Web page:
Danny Bengston: Which is kind of funny because when I met William, the music he was writing then is a lot like the music we are writing now. We kinda decided to make a couple punky, bratty records or whatever, and those are the things that ended up sticking. I feel like if you were to map our song writing career - those two albums with all the vulgar shit is only 10% of the songs we’ve written.
What was it like writing a more tranquil and soothing album, when your music has previously been an outlet for disillusionment, and perhaps the more negative moments in your life?
WK: I think I started smoking weed more too [laughs] and things can sound really harsh when I’m high. I wanted to write stuff that you can listen to high and be like, “Cool… that makes me feel good” or you know how people watch Friends when they’re stoned because it’s just light and happy. Or whatever.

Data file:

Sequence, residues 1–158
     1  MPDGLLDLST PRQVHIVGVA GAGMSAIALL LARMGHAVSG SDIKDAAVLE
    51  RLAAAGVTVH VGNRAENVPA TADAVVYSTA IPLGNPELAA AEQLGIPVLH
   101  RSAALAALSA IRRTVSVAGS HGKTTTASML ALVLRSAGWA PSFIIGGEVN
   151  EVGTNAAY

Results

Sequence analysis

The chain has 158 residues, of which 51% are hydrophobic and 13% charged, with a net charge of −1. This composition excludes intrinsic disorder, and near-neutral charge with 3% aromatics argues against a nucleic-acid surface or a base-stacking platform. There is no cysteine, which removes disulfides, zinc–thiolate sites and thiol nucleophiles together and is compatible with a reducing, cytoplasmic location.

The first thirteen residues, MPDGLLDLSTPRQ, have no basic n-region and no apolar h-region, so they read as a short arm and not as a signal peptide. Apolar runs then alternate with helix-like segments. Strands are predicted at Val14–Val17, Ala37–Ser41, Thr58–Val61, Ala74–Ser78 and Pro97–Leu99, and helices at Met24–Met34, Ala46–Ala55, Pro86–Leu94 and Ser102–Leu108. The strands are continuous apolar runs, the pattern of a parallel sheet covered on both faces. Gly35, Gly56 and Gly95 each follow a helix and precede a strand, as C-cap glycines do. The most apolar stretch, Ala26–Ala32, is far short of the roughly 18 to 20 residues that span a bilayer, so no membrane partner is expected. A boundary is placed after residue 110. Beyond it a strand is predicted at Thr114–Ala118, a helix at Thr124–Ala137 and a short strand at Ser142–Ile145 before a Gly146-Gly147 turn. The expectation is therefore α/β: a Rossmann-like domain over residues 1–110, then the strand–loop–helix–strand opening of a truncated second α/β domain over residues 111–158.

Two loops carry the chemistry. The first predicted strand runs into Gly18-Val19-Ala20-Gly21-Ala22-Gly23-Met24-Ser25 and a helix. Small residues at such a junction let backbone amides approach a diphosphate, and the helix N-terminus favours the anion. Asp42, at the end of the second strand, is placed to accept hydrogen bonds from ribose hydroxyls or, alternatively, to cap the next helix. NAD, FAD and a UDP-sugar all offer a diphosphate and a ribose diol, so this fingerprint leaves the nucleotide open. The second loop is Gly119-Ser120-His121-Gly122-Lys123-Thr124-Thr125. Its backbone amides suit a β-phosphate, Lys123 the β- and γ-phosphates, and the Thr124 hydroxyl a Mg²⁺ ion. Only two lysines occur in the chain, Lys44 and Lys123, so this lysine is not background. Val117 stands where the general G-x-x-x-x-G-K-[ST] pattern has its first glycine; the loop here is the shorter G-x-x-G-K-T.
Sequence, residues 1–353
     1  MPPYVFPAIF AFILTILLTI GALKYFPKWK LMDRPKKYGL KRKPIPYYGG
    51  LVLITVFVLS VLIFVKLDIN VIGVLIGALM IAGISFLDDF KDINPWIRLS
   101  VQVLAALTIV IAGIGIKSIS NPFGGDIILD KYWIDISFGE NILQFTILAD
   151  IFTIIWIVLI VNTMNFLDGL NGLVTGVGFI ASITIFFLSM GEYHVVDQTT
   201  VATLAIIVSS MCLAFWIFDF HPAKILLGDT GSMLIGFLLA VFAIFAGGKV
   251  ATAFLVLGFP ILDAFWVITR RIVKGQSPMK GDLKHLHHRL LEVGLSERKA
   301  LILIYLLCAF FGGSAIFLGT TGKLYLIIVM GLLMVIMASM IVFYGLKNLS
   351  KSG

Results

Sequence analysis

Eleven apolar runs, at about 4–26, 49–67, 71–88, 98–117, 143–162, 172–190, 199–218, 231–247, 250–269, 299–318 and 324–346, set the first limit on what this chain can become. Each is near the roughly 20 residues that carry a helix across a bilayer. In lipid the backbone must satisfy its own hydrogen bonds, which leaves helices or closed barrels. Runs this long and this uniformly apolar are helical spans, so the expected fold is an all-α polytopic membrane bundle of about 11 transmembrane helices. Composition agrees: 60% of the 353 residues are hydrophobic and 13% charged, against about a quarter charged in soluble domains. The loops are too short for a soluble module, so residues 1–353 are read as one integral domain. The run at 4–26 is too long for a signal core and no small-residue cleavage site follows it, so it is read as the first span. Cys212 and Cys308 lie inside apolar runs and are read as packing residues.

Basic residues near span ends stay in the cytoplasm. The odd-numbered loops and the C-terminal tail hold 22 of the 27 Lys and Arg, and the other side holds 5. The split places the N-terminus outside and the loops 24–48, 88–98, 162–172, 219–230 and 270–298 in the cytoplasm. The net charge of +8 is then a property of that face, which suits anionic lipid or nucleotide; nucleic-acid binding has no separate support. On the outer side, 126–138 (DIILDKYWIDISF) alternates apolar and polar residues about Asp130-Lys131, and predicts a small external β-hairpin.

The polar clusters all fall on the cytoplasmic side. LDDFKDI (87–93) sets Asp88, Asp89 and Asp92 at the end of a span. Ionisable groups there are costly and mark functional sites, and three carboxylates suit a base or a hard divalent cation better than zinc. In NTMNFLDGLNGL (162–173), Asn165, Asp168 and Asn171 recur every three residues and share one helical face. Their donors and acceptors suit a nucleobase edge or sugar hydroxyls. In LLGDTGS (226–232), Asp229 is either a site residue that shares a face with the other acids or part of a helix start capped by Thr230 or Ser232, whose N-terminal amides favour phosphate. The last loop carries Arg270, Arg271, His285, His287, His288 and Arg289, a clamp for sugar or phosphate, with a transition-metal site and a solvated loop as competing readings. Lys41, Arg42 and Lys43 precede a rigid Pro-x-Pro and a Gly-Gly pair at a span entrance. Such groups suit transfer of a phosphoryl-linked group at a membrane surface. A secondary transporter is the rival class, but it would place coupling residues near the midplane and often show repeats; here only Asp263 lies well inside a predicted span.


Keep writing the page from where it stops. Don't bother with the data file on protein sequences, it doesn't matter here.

When I’m high I literally can only watch Moana and eat hot cheetos. You’ve grown a lot from some of your older songs, that you still play at every concert. I was wondering what it’s like playing those songs when you’re in a different mindset now?
DB: I think like - playing those songs, at this point, we’ve played them so many times over the span of so many years; Theres not much thought really that goes into playing them.
Is it like an auto pilot thing?
DB: Yeah, totally.
WK: I mean I do feel it sometimes when we play. The point of those songs is, you know, people pay to come watch us play and they want to hear those songs - so I’m happy to play them.